What I read: February 8-15.
I didn't read a whole lot last week—combo of feeling reading slump-y and just being HIDEOUSLY busy in other life departments—but I'm starting to come out of both of those things, so hopefully, next week's list will be MORE IMPRESSIVE.
We Took to the Woods, by Louise Dickinson Rich
A memoir from 1942 about living way out in the Maine woods, with only lumberjacks and a few other people for company. It's smart and funny—laugh-out-loud funny, in parts—and heartfelt and I loved every single minute of reading it. I loved that the life and culture she depicted was both completely different from anything I've experienced (giving birth on her own at home, the lumber camp) and also very, very familiar (town meeting, her back-and-forth with her husband, the locals' attitude about people from away). I loved that she had a clear love for where she was, a passion for her way of life, but didn't equate that love with the idea that EVERYONE should share that love and passion:
There are other things that contribute to health besides a balanced diet. There are fresh air and sunlight and lack of nervous tension. I think, probably, whether you're better off in the country or in the city depends, in the final analysis, on where you'd rather be. You're best off where you're the happiest.
My reading speed on this one was WAY down, because I had to pause every paragraph or two to read a newfound gem aloud to Josh. (And clearly my enthusiasm was contagious, as he's reading it for himself now, AND has plans to buy all of her other stuff, AS WELL AS ordering a first edition of this one.)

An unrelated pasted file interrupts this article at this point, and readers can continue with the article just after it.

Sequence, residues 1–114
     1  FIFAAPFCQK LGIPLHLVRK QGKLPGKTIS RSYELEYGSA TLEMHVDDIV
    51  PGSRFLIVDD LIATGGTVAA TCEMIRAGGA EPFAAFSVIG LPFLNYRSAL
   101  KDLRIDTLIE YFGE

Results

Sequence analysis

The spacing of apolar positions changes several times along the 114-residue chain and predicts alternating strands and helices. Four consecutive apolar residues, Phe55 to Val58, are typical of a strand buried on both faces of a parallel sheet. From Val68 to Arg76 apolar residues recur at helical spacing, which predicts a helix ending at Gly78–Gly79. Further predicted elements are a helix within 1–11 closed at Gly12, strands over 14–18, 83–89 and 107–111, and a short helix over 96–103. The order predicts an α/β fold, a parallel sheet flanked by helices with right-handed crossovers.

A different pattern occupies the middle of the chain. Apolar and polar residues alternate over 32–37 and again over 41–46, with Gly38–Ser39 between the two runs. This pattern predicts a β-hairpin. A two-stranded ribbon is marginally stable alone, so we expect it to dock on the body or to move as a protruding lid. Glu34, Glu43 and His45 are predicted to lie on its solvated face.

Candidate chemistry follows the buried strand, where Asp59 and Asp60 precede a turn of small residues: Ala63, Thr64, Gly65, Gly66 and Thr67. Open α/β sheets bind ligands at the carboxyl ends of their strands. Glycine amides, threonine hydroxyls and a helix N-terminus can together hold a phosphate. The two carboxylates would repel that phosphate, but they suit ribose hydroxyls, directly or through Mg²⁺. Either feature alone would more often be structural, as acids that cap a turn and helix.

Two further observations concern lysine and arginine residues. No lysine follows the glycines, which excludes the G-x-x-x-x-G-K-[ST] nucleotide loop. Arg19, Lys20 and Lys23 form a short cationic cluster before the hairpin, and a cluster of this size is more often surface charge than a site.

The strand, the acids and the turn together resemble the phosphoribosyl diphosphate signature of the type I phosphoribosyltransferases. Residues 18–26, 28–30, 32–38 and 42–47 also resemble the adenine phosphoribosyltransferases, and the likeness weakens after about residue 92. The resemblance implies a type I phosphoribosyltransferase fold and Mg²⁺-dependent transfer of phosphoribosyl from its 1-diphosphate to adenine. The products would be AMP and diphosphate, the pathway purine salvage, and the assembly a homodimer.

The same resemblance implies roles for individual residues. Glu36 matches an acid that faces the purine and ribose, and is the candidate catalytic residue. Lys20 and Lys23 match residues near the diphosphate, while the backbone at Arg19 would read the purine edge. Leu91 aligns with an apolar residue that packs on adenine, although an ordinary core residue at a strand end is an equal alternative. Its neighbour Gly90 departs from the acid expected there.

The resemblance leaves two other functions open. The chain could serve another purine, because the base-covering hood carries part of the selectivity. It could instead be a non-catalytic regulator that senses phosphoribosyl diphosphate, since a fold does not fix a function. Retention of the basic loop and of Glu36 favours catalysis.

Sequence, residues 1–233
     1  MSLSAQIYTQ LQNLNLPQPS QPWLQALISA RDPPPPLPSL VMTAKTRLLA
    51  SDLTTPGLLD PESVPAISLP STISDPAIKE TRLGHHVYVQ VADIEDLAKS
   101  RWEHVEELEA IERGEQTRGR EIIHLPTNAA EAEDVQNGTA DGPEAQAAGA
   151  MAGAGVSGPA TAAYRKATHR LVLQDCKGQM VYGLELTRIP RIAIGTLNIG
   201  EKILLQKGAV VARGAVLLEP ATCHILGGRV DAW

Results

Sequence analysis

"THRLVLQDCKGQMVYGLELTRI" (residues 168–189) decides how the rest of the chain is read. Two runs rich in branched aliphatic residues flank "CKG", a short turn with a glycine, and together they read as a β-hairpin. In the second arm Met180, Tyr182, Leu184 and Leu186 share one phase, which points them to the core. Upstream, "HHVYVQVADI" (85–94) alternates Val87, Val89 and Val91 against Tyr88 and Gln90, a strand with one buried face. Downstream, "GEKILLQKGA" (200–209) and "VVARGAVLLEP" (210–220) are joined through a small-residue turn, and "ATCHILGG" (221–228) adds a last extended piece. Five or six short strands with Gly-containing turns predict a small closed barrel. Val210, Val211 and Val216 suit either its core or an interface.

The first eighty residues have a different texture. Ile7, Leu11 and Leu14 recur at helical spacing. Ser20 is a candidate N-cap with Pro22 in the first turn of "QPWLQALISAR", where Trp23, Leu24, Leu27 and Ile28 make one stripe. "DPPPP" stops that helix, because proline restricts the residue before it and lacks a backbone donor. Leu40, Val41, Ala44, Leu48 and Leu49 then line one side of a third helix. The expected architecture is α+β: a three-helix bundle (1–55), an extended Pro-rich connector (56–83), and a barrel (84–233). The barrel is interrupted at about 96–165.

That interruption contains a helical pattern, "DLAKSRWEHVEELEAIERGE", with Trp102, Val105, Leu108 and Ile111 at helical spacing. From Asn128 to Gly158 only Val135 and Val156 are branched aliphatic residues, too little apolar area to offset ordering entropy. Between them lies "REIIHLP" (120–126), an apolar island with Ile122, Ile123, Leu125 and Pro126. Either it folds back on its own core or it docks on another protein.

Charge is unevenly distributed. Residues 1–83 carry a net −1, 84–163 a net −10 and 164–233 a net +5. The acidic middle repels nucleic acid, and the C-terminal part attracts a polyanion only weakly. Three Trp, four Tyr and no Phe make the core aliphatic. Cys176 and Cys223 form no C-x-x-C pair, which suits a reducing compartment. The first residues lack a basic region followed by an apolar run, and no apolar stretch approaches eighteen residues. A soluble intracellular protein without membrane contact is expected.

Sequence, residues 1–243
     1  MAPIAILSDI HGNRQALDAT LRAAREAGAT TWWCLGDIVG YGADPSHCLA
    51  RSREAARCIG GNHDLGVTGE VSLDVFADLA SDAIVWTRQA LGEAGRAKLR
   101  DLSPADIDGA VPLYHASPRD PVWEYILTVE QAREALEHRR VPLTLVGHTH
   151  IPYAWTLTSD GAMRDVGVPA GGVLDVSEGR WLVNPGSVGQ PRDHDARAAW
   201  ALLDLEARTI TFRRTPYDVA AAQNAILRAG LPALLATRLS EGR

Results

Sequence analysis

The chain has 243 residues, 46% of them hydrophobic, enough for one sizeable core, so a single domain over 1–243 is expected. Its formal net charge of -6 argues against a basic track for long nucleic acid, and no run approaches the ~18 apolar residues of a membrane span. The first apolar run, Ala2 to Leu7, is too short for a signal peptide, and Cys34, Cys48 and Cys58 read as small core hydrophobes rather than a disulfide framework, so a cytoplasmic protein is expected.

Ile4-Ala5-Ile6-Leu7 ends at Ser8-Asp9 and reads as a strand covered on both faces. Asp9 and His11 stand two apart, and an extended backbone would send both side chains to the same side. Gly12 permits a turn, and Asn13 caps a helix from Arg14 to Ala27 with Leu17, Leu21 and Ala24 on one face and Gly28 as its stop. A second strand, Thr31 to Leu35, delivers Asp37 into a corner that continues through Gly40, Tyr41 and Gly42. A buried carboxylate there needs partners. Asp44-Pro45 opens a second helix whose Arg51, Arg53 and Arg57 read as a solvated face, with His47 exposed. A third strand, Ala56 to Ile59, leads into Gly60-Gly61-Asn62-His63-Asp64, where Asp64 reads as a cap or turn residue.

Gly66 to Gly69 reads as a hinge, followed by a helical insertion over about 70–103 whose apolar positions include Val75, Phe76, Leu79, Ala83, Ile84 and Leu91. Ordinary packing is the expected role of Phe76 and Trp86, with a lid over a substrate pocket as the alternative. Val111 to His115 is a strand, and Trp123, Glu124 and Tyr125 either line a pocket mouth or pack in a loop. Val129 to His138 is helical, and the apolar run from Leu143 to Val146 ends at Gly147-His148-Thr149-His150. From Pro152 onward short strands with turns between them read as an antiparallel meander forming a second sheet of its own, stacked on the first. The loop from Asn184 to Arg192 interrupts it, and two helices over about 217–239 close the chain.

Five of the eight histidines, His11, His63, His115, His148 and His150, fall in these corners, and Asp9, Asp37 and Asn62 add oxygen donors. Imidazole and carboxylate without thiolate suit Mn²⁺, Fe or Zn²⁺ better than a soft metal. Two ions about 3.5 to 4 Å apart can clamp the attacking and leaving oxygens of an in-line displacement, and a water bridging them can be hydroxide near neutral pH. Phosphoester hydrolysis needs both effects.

Lumberjanes #10, by Noelle Stevenson and Shannon Watters
New arc! It's a free day, and except for Mal and Molly—who head off together on a picnic date—the girls are bored, bored, bored. But as Mal and Molly have a run-in with the Bear Woman—and yes, DINOSAURS ARE INVOLVED—I can't imagine that our girls will stay bored for very long.
The Girl is Trouble, by Kathryn Miller Haines
Sequel to The Girl is Murder, about Iris Anderson, 16-year-old aspiring sleuth in WWII-era New York City. This one is set a few weeks after the first book, almost a year after Pearl Harbor. Iris is trying to get her private investigator father to let her work for the family business, but then gets pulled into two of her own mysteries: The first, at school, where someone is leaving horrible anti-semitic notes in the lockers of the Jewish students; and the second, at home, when she discovers that her mother might not have committed suicide after all... she may have been murdered.
Minor ding for some stiff dialogue and occasionally awkward historical notes directed at the modern reader, but overall, huge fun. I especially love the depiction of homefront tension, in that some people blame their Jewish neighbors for the US being at war, while others blame the Germans; and I loved that Iris was investigating the nasty notes while also struggling with her own Jewish identity AND (spoiler) the possibility that her German mother might have secretly been a Nazi (end spoiler) AND working on the idea that it might be possible to celebrate BOTH her German and Jewish heritage. I love that Iris is an imperfect detective, in that, again and again, she allows her emotions to guide her towards leaping to the worst possible conclusion, and I love that her friend Pearl has become an integral part of Iris' process, in that she reels Iris back in, again and again, making her slow down and think critically—instead of purely emotionally—about the problem.
This Side of Home, by Renée Watson:
It’s emotionally engaging and philosophically thoughtful; it’s concerned with current issues, but not at the expense of Maya’s voice or her more personal journey. It’s a book that speaks frankly about race and culture and socioeconomics, giving voice to thoughts and feelings that are often swept under the rug in this, our supposedly “post-racial” society.